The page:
“… it “lives” in the former storeroom in Ravenswood, we bought it from a Studebaker Drivers Club member in Vermont, we were looking for a 3/4 ton that looks beefier, and it fits the bill. First shot is in the storeroom, second shot is truck coming back from the post office in the front of the old administration building, third photo is interesting, there is a lot of work being done in West Virginia on a natural gas line, the company putting it in is TransCanada (Keystone), they are welding pipe on the property parking lot, and have brought in hundreds of pipeline workers, mostly it seems from Texas and Oklahoma, and needless to say they are pick up people. The Transtar is a big favorite of theirs. They get a big kick out of the Transtar. Two or three times a week we send it to the Post Office, it’s always a big hit with our friends from Texas.
“The Transtar is 60 + years old and still working. Actually it looks right in place.”
A interesting side story: West Virginia is a funny place, sometimes if you get on the wrong road you can’t turn around. The standing joke around here is when I shipped the Studebakers down here from Michigan I was looking for a Studebaker Dealer for some “warranty ” work.
One day I was leaving the United Bank in Ripley and was on the phone, my route back to Ravenswood is State Route 33 West, somehow I got on Route 33 East.
I was looking for a place to turn around and I came upon this country store, a Studebaker Dealer no less, one lube bay, a few of old Studebaker parts and a ’49 or ’50 Studebaker tow truck.”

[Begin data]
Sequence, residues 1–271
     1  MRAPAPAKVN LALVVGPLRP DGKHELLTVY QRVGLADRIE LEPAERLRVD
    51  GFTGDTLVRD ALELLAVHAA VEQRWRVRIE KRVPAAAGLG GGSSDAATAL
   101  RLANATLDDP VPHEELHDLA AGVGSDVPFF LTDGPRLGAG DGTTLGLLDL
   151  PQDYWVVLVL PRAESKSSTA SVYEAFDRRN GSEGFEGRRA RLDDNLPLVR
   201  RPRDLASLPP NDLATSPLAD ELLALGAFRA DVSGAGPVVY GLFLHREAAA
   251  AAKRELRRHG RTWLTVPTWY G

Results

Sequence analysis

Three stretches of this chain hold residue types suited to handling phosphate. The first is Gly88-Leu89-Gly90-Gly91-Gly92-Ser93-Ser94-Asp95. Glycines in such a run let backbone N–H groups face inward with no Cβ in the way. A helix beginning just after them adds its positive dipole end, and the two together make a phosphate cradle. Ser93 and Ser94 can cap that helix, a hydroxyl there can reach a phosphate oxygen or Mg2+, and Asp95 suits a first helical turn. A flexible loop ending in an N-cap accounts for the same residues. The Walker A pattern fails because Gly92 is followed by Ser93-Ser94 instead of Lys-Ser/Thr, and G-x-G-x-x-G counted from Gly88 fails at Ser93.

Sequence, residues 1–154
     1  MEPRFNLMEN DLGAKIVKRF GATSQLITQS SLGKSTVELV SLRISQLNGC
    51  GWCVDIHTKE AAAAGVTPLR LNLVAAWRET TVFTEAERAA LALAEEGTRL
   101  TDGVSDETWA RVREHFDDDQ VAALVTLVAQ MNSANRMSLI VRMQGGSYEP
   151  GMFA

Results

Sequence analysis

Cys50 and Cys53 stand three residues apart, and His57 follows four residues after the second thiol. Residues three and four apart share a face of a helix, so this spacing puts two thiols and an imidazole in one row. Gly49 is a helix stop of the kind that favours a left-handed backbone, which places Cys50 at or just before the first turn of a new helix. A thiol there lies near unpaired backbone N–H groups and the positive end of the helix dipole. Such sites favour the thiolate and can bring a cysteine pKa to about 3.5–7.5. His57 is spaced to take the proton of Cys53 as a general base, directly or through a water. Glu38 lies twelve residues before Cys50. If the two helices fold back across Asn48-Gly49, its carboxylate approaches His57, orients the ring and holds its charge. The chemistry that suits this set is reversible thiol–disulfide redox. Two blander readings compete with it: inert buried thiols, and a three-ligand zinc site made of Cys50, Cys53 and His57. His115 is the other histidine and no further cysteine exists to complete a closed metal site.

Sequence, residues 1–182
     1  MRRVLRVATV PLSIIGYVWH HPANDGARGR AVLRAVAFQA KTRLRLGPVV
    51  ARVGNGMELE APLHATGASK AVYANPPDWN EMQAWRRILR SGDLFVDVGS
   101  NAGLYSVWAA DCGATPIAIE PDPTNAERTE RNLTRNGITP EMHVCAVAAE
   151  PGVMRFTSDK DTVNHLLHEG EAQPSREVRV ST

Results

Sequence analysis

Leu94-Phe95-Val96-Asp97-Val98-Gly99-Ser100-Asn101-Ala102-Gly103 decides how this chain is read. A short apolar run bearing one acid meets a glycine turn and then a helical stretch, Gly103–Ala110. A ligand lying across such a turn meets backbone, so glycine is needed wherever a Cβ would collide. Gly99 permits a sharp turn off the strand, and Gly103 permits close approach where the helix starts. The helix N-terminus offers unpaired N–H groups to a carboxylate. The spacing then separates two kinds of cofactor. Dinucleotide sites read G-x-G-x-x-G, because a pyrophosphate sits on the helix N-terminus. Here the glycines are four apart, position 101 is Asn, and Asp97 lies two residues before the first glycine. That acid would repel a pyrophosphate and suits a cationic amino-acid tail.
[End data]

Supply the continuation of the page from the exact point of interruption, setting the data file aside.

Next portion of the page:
“Interesting shot, as to relative size, the Ram is a 2500, the Transtar is a 3/4 ton, really the same size as a Dodge Dakota.”
The old gas station photos series as posted at Curbside Classic resumes: today we have an Humble (now known as Exxon) station in the ’60s. The cars are (left to right): ’57 Ford, ’62 Chevy wagon (in the background), a ’55 Buick and a ’62 Chevy Impala hardtop to the right.
FYI , Paul there is still a Studebaker Dealer in the Hershey area of PA. Also the dealer that my former lark regal came from is still selling used cars in Chambersburg Pa. To the bast of my knowledge it is still owned and operated by the same family
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Excellent! I like to read about these “hold outs” that still carry the banner for Studebaker!
In a similar vein, in San Leandro, CA, the Begier family was a Studebaker hold-out. When production ended in Canada, they started selling Buicks. They are still in business and still have a Studebaker tow truck.
Enjoyed the article of course. But it took my mind back to a time we ‘kept’ mama. Since she was an amputee we could not take her from house to house in a car. Jim had a 60+ Stud and using a converted engine lift we put her in the back under a camper shell. We all laughed including mama about being the Beverly Hill Billies. I remember one tough truck.
Of the pictures I remember the ’41 best, that was one tough set of 4 wheels!
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It would be fun to own one of those M-Series Studebaker trucks! My grandfather, a farmer, had a navy blue ’49 R-series that he kept for almost 20 years. I’d like to have one of those, too!
Thanks for the nice Studebaker truck article. I knew that it would be good when you used material from Skip.
I an not a Chevrolet expert, but on my computer screen the Chevrolet in the gas station scene appears to be a 1962 Impala, not a “1963”.
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Thank you, Gary!
You are exactly right about the Chevys – and I’ll make the correction. I’ll blame the error on being under-caffeinated when I wrote ’63 instead of the correct ’62. 🙂
I’ll correct the text.